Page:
Disclaimer: I write this post purely from my lived experience. My qualifications are a Masters in being a mother and a PHD in dealing with losing my child. This does not mean I got it all right or all wrong, there is no right or wrong. It just means that I qualify as an expert to speak about this. I know I parented differently to a lot of other parents.
Many of my decisions and choices were, and are, unconventional and have been frowned upon or queried. They worked for my son Ben and me. I did not deal with losing Benny like many other people have dealt with their losses. My way works for Benny and me.
I have no judgement on what anyone else thinks or does and it’s none of my business what you think of me. I am 100% responsible for the choices I make and the actions I take, and I own them all.
When it comes to losing a child, we all do it differently. I am not right or wrong.
I am Dalya, Ben Shaw’s mum.
I want to begin the next few weeks, at what I believe was the beginning of the change – the birth of Dalya 2.0, that was built upon the original version.
When I had that first conversation with the Dr’s and they told me ‘it’s not looking good’, I was crystal clear on a few things. They were to do whatever they could to ‘make’ it look good and there was to be absolutely NO negative talk in his room. If they had to have a conversation about how bad he was doing or how he was not responding they were to take it outside his room where he could not hear. My instructions were specific. Only positive language was to be used in his room without exception.
I remember feeling the wildness that would have accompanied the same look in my eyes and the absolute non-negotiable conviction I spoke with. A door had opened into a part of me that contained a reinforced supply of strength and energy. Once opened, this door never closed. The unlimiting stock of the skills and characteristics I need(ed) to move forward, remain available for me to draw on at any time.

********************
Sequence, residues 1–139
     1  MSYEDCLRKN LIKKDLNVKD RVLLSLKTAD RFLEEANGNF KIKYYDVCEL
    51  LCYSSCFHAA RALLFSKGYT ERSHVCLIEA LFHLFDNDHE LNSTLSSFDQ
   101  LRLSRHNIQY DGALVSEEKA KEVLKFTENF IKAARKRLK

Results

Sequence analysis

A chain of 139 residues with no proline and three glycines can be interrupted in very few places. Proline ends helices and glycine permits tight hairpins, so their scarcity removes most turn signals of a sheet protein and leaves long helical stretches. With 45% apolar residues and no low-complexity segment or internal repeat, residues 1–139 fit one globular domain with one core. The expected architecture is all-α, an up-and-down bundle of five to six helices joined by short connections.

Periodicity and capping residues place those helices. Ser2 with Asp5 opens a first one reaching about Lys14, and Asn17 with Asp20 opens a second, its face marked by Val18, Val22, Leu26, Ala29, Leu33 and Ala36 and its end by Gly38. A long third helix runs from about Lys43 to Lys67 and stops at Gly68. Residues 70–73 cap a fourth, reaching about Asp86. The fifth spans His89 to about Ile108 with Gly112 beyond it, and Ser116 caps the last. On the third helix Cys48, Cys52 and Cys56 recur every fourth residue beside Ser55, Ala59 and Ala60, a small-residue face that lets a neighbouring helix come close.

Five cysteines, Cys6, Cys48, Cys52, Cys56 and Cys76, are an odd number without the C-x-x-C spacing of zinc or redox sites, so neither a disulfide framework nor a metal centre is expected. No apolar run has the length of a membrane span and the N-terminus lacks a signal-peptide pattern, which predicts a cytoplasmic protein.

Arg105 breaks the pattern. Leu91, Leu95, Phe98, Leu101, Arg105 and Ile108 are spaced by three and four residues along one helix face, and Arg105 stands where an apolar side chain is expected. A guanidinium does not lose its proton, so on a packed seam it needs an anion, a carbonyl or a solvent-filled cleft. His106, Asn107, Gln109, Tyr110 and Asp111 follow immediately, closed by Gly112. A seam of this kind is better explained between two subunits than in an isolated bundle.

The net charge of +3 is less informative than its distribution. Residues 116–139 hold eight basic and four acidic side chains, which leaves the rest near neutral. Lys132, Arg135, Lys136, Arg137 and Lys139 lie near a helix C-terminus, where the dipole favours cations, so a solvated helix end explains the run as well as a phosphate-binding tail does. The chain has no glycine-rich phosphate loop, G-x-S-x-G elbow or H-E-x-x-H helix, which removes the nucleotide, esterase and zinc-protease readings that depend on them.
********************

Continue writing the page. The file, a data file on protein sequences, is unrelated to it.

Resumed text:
I consider myself lucky to have been blessed with challenges in my life from very early on and where I would have been justified in adopting the ‘victim’ attitude, I chose to live my life ‘glass half full’. To be positive is one thing but when your child’s life or death may be influenced by the language they hear and the energy they are exposed to, at the most crucial point ever, it’s a whole different ball game.
The time we spent in the hospital, I ran on adrenaline. People came and went, and I don’t even recall most of that week. I don’t remember many of the people I spoke to, or conversations I had. I slept for a total of a few hours the entire time, and strangely never felt hungry. My focus was maniacal and 100% on Ben. My thoughts were only of him. I remained in the present moment for long periods of time.
The hardest thing a parent will ever do is leave a hospital for the last time without their child. NOTHING will ever be harder than that moment. What follows over days, months and years is not more difficult. It is different and each task will leave its mark on the parent forever. The transformation that happens as a result of the loss, develops over the rest of that person’s life.
The adjustment is not static, it is continual, ever changing and ever challenging.
I had a good friend up until a few weeks after Ben passed. In his last message to me he wrote, ‘you are not the same person as you used to be, and I don’t think you ever will be’. We had been close for some time and this was the last contact we ever had.